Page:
A quick scan of social media reveals a few questions floating around without answers. So here goes:
Is he an actor?
No. He was cast through a sports casting agency who put the word out through cycling forums and contacts. We auditioned around 60 cyclists, called back around 14 for a second audition. From that we chose Dan and had another chap with Francis in his name on standby in case anything went wrong.
What’s his cycling profile?
He rides a fixie into work to keep himself in shape. He’s been through a number of road bikes too and of course now he has his trusty Carrera Virago. He does one big event each year - sometimes a triathlon. He used to be a member of a cycling club, but he has enough cycling mates to go out on rides without the need to commit to a club. Before the Tour de Francis, his biggest test had been riding up the Brecon Beacons.
How many stages was it?
It was 4. Liege, Champagne, The Alps, Paris. At the time, we only had partial confirmation of the official routes for the 2012 Tour de France, so some planning was down to guesswork and inside information. Some of the more hardcore cycling community are disappointed he didn’t cycle the whole tour, but they’re missing the point. 4 stages is plenty to torture test a £1000 carbon bike and a regular bloke with a day job and family commitments. Halfords isn’t trying to appeal to cyclists who buy £4000 bikes from elsewhere. But if someone with an entry-level bike is contemplating a step up, inspired by the Tour de France/Wiggins/TeamSky and wondered how far they could take their cycling, the Tour de Francis may give them an insight into that world.
How far did he ride?
490km we reckon - and a good chunk of that was up steep climbs up to 11%. We did have a Garmin kindly lent to us by the UK office, but someone pressed ‘Lap’ at some point and it messed up all the data. Not Dan’s fault, certainly.
Did you cheat?
No. When you’re filming, it’s very difficult to capture everything without stopping and re-shooting. That just meant that Dan had to ride further than normal, re-tracing his tracks and coming round for another pass.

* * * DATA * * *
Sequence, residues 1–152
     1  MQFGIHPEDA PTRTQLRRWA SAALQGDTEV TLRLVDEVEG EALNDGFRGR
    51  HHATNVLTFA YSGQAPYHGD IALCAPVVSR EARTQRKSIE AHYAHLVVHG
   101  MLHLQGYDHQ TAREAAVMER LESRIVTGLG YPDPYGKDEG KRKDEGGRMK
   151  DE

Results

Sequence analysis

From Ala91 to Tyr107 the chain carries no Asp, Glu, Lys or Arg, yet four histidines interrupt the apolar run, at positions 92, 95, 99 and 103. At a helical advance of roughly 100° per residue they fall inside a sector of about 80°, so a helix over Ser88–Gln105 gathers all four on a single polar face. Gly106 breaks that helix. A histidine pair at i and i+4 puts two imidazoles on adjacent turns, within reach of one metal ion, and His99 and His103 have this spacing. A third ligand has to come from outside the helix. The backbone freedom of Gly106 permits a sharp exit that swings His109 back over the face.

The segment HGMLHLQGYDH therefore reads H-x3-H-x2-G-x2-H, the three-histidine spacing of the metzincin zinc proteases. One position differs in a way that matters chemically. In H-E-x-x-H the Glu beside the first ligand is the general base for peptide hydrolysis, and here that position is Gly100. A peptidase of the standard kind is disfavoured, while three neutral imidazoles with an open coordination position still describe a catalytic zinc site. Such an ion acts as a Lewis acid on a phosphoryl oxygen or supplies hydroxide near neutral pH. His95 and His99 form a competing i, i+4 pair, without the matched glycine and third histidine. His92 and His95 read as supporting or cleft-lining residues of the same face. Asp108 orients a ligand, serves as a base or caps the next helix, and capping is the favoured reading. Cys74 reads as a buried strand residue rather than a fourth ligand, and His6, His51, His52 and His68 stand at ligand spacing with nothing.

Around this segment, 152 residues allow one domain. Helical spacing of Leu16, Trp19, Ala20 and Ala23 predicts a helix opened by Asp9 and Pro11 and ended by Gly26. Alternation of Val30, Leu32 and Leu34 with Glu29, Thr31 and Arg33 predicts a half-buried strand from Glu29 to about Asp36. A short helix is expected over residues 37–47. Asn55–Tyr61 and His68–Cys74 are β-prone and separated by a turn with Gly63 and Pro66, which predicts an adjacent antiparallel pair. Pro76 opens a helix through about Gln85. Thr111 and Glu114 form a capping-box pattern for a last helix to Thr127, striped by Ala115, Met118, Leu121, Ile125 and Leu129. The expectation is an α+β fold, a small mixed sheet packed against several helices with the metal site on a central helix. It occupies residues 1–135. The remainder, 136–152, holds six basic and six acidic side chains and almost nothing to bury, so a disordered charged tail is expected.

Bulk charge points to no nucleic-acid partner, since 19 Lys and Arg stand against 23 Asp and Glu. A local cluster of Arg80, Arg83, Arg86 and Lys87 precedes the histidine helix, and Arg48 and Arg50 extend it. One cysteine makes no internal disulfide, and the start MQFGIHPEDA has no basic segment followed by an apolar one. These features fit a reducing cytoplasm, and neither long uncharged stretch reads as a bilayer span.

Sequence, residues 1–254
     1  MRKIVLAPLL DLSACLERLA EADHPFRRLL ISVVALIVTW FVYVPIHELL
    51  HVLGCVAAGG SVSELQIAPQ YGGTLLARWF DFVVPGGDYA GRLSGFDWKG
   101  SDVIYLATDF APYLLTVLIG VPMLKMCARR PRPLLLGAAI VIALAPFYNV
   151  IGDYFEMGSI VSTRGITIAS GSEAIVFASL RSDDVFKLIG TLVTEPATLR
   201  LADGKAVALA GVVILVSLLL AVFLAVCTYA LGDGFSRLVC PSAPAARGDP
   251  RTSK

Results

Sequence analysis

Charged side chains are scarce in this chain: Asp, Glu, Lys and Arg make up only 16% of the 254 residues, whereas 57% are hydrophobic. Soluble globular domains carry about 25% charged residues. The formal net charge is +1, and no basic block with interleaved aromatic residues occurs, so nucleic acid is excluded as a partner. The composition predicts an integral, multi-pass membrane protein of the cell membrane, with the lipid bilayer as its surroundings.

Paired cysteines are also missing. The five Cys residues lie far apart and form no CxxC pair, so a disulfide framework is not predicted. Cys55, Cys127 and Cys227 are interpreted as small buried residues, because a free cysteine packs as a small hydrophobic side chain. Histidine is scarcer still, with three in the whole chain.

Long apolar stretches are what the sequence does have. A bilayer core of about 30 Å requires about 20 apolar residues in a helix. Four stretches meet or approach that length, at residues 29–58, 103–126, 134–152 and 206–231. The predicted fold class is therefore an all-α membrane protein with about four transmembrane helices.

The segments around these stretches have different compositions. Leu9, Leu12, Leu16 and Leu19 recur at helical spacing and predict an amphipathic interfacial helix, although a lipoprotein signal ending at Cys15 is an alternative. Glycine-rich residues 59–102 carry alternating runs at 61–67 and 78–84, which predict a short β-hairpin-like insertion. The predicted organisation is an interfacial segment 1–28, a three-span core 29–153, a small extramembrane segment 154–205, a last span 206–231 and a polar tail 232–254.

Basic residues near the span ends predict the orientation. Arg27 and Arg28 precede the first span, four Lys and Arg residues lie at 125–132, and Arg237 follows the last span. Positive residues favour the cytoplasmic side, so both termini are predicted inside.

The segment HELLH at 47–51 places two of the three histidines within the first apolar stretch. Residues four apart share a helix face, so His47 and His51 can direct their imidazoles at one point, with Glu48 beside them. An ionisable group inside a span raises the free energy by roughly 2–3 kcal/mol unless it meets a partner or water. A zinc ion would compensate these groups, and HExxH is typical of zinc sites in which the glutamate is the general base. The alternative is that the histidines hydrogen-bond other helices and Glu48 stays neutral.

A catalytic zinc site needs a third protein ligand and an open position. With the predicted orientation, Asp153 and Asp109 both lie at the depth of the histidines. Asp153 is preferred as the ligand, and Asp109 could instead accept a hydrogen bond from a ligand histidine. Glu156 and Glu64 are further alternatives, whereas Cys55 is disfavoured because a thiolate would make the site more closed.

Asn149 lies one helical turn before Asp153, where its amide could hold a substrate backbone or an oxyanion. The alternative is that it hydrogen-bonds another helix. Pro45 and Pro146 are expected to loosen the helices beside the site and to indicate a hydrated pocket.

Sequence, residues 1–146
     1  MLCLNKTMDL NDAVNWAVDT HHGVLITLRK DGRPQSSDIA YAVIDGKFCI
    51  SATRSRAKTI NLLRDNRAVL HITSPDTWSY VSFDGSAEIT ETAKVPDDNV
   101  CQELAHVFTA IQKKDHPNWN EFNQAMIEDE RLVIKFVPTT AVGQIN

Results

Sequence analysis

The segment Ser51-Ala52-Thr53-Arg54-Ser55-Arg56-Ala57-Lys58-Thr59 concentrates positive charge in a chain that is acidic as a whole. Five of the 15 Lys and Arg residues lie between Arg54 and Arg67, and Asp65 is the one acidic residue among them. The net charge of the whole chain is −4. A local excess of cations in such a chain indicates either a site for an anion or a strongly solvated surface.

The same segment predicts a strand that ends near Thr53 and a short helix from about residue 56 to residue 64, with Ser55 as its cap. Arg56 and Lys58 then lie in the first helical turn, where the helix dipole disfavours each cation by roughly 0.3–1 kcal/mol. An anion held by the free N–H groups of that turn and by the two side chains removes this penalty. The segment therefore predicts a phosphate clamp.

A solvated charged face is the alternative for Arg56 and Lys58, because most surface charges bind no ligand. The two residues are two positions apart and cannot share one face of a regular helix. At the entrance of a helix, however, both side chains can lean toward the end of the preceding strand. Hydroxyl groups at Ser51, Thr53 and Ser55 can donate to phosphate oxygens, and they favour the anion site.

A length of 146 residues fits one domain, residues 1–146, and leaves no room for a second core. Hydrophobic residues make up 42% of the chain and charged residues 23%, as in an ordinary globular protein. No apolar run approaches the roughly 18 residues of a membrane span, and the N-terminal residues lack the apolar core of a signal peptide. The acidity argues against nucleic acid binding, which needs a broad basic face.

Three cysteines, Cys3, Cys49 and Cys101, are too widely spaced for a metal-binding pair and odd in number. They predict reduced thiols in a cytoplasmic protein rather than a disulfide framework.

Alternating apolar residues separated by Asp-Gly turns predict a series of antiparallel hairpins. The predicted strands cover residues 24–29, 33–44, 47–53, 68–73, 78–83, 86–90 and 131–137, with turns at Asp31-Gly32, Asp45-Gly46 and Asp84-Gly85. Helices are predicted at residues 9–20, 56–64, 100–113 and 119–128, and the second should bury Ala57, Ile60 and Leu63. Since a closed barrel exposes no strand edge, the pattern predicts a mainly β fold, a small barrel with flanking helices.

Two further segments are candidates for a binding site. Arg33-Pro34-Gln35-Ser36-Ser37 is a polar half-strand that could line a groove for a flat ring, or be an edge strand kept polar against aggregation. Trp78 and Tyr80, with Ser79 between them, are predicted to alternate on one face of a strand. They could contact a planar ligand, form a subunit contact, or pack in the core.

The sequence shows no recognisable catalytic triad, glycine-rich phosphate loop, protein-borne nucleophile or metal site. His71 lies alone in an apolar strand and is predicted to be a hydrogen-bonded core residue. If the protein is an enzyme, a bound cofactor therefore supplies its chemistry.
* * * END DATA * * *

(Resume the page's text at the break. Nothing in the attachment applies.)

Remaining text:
For the climb up Madeleine, we stayed out of his way and the climb was completely uninterrupted until his path was blocked by an avalanche 3km from the top. We combined shooting out of the back of the camera van with driving on ahead, setting up and waiting for him to come into shot.
For the Croix de Fer, we had a break halfway up with a photo-opp and a couple of passes of Dan riding through the tunnel. Much of the additional mountain footage was shot on the way down, once Dan had done all the hard work getting up there.
However, Dan did test positive for “a nice bit of frogs legs”…
What’s with all the crying?
Our fault, not Dan’s. This was a dream trip for Dan and it meant a lot to him, so being faced with a wall of snow so close to the top of Madeleine was always going to be emotional - plus he was exhausted and freezing.
At the top of Croix de Fer, we ambushed him with his wife on the phone. We weren’t sure what reaction we’d get. But we got tears. Again very emotional after finally getting a summit under his belt, being away from his family and being physically drained and extremely cold. There’s a clip that gives it away when you see his hands shaking as he’s trying to do up the zip of his top.
How many idents are there?
We cut 24. In theory that sounded a lot. If you watch a lot of coverage of the tour, you’re bound to see them repeat from time to time. That can be annoying for some people, but they last 10 seconds each so hopefully, if they dig deep, they can get through it.